Hey, Santa, Check Out Our Marketing “Naughty & Nice” List For 2015
Wherein we help the old guy figure out who deserves a candy cane or a lump of coal in the worlds of marketing, advertising and search.
Sure, Santa’s route list for his single night of deliveries is targeted, automated, geo-located and Google-mapped to precision these days. And NORAD continues to clear the skies so his old bucket can make the rounds without interference.
But it’s not all sugar plums and fairy dust for the old guy. Like anyone in the tough business of figuring out what people want, he still can’t get enough good data.
To help out, we offer some pans and praises in marketing, advertising and search that stood out to us during this rapidly fading year:
The Naughty List
Time To Forget “The Right To Be Forgotten”
The consequences of the “Right To Be Forgotten” decision in Europe continue to grow more absurd.
France wants Google to somehow ID French citizens anywhere in the world and censor their search results — wherever they are — according to the RTBF rules.
And Russia is getting into the act. A new law requires that search engines must delete links to info about Russians if the material violates laws, is false or has become outdated. But search engines must determine what info is genuinely false or out of date, and they must find the links to that info.
Didn’t 1984 already come and go?
Purify-ing The News
The Purify ad blocker wants you to understand that this story, or any other, is not worth the several pennies in data charges that the accompanying ads might end up costing users.
Any news organization wants feedback on its reporting, and most sites are sensitive to their page-loading times. But the idea that an ad blocker is worthwhile because it helps you save a penny or two on data charges when you’re otherwise getting free and original content seems to us to be pushing it.
Before he left office, US Senator Jay Rockefeller described the new .sucks domain as “little more than a predatory shakedown scheme.”
The company that is operating this generic top-level domain seems committed to backing up his characterization. It is charging as much as $2,500 for any brand that wants to keep a brand.sucks domain out of circulation.
LinkedIn Changes Its Groups & Our Community Manager Sees Red
In October, professional networking site LinkedIn decided it would make some changes to its Groups in order to improve the quality of conversation.
As our Community Manager, Lauren Donovan, explained in detail, those changes made her life more difficult and the Groups less attractive to participants.
Twitter Drops Share Counts From Tweet Buttons; World Shares Fewer Tweets
In November, Twitter stopped showing the number of shares on its tweet buttons. The declared reason: better for its platform, plus the count wasn’t always accurate. But the display of sharing counts can drive more sharing, since people want to share something that others are sharing.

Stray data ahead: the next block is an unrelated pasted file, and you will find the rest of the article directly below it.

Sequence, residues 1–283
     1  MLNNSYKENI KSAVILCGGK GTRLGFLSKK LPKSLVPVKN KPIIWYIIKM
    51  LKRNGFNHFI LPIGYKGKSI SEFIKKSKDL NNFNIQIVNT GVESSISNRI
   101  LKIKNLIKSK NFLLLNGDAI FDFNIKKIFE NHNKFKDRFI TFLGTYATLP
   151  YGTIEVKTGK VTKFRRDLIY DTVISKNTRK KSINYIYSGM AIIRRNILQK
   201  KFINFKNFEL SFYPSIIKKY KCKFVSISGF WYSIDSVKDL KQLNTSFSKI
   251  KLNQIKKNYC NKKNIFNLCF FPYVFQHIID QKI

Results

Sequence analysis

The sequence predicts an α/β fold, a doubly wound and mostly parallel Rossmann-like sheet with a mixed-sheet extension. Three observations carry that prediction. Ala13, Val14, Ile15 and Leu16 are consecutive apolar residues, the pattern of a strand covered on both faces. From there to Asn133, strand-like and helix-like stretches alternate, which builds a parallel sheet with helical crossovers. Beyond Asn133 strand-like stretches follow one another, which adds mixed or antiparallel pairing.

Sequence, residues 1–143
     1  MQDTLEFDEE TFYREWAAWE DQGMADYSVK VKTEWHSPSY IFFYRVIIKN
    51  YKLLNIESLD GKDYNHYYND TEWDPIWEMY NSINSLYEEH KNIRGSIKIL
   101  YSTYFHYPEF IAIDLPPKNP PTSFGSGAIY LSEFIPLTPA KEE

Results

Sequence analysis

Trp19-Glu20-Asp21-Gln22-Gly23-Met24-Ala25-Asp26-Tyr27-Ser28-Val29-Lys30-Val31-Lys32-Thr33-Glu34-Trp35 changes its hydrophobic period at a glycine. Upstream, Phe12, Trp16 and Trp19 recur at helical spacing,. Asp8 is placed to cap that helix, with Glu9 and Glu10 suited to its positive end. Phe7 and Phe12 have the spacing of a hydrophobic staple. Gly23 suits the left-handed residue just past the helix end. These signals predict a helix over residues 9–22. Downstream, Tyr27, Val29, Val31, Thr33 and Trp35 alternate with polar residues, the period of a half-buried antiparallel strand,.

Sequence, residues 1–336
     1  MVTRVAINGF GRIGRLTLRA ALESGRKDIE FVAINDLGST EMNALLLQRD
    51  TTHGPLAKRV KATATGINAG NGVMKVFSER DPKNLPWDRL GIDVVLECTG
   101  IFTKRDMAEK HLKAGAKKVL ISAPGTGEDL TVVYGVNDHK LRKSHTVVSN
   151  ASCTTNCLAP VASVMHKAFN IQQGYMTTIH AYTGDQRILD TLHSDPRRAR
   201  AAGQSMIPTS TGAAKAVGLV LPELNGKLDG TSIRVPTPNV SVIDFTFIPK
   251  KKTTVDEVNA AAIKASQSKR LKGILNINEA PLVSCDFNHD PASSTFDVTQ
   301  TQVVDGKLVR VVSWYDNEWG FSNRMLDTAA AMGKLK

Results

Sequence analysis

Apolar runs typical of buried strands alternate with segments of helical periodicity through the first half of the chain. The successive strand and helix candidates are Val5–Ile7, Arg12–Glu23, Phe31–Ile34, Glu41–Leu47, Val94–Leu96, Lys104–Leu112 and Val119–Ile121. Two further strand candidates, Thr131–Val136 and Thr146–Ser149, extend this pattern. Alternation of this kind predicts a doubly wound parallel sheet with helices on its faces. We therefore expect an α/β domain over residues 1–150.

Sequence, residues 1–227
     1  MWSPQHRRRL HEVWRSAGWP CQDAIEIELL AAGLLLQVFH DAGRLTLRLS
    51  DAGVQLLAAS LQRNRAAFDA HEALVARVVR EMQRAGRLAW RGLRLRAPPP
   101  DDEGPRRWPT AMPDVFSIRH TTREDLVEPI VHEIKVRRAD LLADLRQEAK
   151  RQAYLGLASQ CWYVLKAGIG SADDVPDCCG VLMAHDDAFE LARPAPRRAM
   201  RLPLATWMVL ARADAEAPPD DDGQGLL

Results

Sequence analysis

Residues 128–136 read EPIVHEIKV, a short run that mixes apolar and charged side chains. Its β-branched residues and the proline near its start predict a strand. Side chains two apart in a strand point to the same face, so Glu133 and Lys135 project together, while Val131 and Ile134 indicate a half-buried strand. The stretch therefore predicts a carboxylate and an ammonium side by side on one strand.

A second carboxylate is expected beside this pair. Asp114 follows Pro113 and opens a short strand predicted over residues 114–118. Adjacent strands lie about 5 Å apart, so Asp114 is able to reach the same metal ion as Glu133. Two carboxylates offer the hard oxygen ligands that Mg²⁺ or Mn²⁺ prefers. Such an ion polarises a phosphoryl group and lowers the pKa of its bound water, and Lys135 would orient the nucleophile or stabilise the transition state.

By December, one social plugin reported that relative sharing through the Twitter button — compared to sharing on other social networks — had dropped more than 11 percent.
You would think Twitter, eager to increase engagement, would want its share count to be visible to all.
TrustRadius: Trust Us
Software review site TrustRadius has taken additional steps recently to reduce the positive tilt of product reviews obtained by vendors, compared to reviews obtained by other means.
The site acknowledges it is sometimes paid by vendors to get more reviews, for which it tries to get “a fair customer sample” of users and objective assessments. But, it turns out, it doesn’t consider these to be vendor-generated reviews, and it doesn’t let its readers know that it is being paid by the vendors to get these reviews.
Facebook: Trust Us
Facebook says it is working on a solution to accusations that videos shown on its site are being ripped off from copyright owners, most notably ones on YouTube.
But at least one video creator, Ethan of YouTube creators Ethan and Hila, called out the social networking giant recently for its non-response to his complaint. Facebook still has a ways to go on this.
The Nice List
Google And Bing Take Up Arms Against Revenge Porn
In a blow against hacker-extortionists and scoundrel ex-lovers, first Google, and then Bing, announced in 2015 that users could file requests to remove from search results the “revenge porn” of themselves that had been posted online.
The posts, often private photos of women, can do more than simply cause embarrassment. They can lead, for instance, to online or offline harassment of the victims, or they can have an impact on their employment. New laws are helping combat the practice, but taking them out of search results without legal costs can help take them out of circulation.
Adobe: We Heart HTML5
It would not take much imagination to envision that Adobe could have dug in its heels on its Flash technology, in an effort to slow the advent of HTML5 alternatives.
Flash still has an enormous installed base, dedicated fans, and, arguably, greater versatility at the moment than HTML5. But instead, the technology giant has signaled it is phasing out Flash, while it works to become a HTML5 leader.
It might be bending to the inevitable, but it feels like a class act.
Lenovo: Letting Go Is Good Business
Computer maker Lenovo is perhaps best known for its button-down ThinkPad business laptops.
But rather than try to stay atop that line and other fading hardware products, the company has decided to reinvent itself — in part, by “giving up control,” as it did recently with the crowdsourcing of a new video game. Other facets include a new emphasis on user-generated content and influencer partnerships.